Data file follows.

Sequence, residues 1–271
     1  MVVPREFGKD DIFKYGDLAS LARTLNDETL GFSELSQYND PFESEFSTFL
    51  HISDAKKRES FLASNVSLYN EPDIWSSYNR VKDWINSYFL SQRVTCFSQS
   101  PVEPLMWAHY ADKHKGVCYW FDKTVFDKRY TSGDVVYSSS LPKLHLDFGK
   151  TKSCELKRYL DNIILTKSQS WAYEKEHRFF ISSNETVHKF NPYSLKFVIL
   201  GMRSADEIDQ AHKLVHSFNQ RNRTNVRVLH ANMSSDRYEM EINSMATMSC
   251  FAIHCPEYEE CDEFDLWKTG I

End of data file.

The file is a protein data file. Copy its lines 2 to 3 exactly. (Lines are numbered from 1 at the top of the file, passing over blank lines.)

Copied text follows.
     1  MVVPREFGKD DIFKYGDLAS LARTLNDETL GFSELSQYND PFESEFSTFL
    51  HISDAKKRES FLASNVSLYN EPDIWSSYNR VKDWINSYFL SQRVTCFSQS